HHS Reorganizes Bioterrorist Response Strategy
After being criticized for their response to the recent anthrax attacks, federal health officials have started to "reorganiz[e]" their approach to combating bioterrorism, the Washington Post reports. When the anthrax attacks first occurred, HHS Secretary Tommy Thompson created a "situation room" at HHS to manage the response. But that plan had "weaknesses," and no one in the room coordinated public communications, the Post reports. Further, "frustration" has been "grea[t]" within the CDC, whose relationship with HHS has been "strained" because of a lack of communication. For example, CDC officials tracking new cases of anthrax had to rely on cable television to "keep current" because of a lack of information from HHS. Dan Hanfling, an emergency room physician who treated a postal worker infected with anthrax at Inova Hospital in Fairfax, Va., recently told a congressional committee, "It became readily apparent that a lack of coordinated communication and inconsistent leadership from the top was hindering the ability of the medical community to respond in a coordinated fashion."
To beef up the department's response to bioterrorism, Thompson recently hired three bioterrorism experts to run a new Office of Preparedness and appointed an HHS liaison to the White House Office of Homeland Security. Donald Henderson, who helped eradicate smallpox and is the founding director of the Center for Civilian Biodefense Studies at Johns Hopkins University, was hired to direct the new HHS Office of Preparedness. Henderson said one of his "top priorities" is to "work out" a communication system. He also will work with his staff to expand vaccine programs and create protocols for labs and local health departments to handle biological agents (Connolly, Washington Post, 11/8). Part of that effort includes preparing the nation for a possible smallpox attack. Henderson said the public health system must be "rebuil[t]" to handle an attack, including giving local health officials "quick and constant access" to state and federal health officials and labs so patients can be tested quickly for infection and quarantined if necessary (Fox, Reuters/Contra Costa Times, 11/6).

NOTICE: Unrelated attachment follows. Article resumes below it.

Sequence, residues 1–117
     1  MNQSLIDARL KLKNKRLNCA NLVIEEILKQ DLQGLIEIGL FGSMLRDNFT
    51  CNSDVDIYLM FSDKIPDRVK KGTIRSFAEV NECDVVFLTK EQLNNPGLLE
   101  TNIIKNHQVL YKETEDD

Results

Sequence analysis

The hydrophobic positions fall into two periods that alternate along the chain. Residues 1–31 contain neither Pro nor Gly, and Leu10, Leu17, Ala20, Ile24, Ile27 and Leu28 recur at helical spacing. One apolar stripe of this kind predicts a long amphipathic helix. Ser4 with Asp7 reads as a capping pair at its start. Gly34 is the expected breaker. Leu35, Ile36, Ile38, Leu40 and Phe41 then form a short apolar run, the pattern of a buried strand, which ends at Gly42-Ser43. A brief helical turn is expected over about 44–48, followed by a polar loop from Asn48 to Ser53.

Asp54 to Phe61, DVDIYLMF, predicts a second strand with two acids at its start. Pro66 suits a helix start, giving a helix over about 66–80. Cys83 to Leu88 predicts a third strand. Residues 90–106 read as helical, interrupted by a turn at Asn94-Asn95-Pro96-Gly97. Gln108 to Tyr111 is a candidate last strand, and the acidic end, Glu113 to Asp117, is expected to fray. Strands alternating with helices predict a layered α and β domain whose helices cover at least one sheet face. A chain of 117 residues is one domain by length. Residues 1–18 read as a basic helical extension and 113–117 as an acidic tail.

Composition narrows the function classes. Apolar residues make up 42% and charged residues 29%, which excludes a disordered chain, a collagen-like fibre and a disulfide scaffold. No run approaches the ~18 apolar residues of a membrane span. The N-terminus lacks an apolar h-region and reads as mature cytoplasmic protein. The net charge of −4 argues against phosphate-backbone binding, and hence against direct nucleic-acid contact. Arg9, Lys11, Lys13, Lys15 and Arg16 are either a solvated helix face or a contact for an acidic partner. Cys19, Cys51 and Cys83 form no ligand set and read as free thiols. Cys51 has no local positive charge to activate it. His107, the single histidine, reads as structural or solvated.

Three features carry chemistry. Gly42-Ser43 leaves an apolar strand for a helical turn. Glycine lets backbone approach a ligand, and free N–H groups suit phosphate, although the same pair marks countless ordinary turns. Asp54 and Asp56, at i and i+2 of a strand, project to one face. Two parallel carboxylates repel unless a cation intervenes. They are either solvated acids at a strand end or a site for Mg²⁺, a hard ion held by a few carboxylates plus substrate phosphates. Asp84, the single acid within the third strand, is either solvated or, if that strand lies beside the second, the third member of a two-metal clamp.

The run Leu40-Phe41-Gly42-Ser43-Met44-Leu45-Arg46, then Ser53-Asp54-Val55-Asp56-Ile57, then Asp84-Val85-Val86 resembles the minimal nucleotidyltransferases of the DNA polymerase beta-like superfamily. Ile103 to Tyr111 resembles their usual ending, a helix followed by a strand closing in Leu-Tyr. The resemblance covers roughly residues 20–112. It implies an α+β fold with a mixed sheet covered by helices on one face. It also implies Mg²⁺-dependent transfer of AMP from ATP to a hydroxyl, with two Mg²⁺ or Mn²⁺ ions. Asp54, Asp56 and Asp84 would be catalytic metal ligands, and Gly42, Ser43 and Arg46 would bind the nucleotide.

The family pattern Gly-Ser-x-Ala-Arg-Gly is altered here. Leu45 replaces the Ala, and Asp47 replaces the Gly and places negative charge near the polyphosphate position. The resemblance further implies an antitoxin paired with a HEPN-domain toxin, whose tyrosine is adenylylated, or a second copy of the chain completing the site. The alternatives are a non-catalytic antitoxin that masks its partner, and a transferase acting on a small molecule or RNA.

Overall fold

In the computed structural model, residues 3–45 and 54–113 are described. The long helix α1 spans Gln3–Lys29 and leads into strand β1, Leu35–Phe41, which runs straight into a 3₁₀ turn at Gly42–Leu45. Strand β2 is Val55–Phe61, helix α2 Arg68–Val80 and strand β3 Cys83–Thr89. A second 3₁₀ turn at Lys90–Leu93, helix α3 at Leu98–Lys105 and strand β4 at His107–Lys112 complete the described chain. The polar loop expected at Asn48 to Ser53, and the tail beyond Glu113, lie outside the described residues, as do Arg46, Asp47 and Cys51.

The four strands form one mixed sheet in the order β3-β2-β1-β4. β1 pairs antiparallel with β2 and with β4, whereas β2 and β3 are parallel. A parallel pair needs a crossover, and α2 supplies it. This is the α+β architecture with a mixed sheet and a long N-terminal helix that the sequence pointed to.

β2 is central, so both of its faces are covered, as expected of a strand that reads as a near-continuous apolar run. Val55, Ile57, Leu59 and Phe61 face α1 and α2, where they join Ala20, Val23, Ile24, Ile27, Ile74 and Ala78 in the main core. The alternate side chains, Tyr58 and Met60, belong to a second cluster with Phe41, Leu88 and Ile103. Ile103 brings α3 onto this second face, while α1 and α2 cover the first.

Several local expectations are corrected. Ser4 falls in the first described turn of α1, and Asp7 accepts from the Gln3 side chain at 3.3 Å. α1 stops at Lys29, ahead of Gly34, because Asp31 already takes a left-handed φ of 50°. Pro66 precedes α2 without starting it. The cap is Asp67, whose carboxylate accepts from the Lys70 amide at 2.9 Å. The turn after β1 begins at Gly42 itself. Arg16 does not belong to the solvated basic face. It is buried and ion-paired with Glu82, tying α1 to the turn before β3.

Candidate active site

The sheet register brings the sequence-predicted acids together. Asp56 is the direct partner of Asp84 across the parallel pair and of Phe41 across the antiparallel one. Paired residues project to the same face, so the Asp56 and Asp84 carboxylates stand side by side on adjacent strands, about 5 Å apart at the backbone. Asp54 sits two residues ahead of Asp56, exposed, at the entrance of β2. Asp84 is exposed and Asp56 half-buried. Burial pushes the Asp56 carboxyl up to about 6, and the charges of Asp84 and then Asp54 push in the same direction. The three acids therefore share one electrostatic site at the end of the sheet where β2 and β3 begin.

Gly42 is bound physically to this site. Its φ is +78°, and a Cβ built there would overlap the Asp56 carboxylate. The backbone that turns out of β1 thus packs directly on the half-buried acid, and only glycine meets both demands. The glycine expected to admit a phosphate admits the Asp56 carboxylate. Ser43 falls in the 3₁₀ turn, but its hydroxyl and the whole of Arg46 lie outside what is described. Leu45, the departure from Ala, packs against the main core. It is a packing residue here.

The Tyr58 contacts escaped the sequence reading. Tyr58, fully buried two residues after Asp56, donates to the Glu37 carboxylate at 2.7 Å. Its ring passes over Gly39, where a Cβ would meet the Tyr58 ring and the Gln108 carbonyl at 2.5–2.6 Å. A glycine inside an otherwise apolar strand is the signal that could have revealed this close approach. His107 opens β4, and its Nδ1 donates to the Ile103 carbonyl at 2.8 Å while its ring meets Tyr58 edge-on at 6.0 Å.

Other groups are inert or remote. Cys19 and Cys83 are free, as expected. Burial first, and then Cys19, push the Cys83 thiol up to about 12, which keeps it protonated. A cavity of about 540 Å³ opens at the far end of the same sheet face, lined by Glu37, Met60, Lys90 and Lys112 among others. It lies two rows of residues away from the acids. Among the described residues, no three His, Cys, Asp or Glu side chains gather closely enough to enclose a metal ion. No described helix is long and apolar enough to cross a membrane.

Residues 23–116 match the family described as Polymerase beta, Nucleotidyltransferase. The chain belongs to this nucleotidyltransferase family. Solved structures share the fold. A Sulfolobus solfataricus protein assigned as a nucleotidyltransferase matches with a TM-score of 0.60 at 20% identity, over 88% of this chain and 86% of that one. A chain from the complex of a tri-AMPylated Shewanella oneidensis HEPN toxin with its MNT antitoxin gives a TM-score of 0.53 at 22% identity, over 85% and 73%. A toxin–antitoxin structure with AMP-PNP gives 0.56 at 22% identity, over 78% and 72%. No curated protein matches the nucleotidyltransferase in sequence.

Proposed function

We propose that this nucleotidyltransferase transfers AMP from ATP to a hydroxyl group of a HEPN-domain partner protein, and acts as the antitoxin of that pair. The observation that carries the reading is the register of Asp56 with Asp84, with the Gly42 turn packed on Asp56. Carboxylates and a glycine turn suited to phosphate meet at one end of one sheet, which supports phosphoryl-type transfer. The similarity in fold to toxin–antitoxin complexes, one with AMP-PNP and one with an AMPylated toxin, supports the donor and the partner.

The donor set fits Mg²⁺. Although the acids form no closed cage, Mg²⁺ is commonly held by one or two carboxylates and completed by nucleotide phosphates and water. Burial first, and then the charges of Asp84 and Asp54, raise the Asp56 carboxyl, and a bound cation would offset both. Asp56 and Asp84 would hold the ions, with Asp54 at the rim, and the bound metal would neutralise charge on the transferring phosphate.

Working closely with Henderson in the new office will be Philip Russell, a retired Army major general who worked in vaccine development, and Michael Ascher, who heads California's bioterrorism effort. Scott Lillibridge, Thompson's special assistant for bioterrorism, said the new Office of Preparedness is a "bridge" to a new assistant secretary position at HHS for "emergency public health or health security." He added, "This is a harbinger of something a little more elevated and a little more robust." Besides appointing new bioterrorism experts and creating the Office of Preparedness, Thompson also has instituted a daily conference call to "coordinate his agency chiefs." Although Thompson has defended HHS' response to the anthrax attacks, the Post reports the department's changes are a "recognition" that the health system is "struggling" to investigate and handle what appears to be a "small scale biological assault" (Washington Post, 11/8).This is part of the California Healthline Daily Edition, a summary of health policy coverage from major news organizations. Sign up for an email subscription.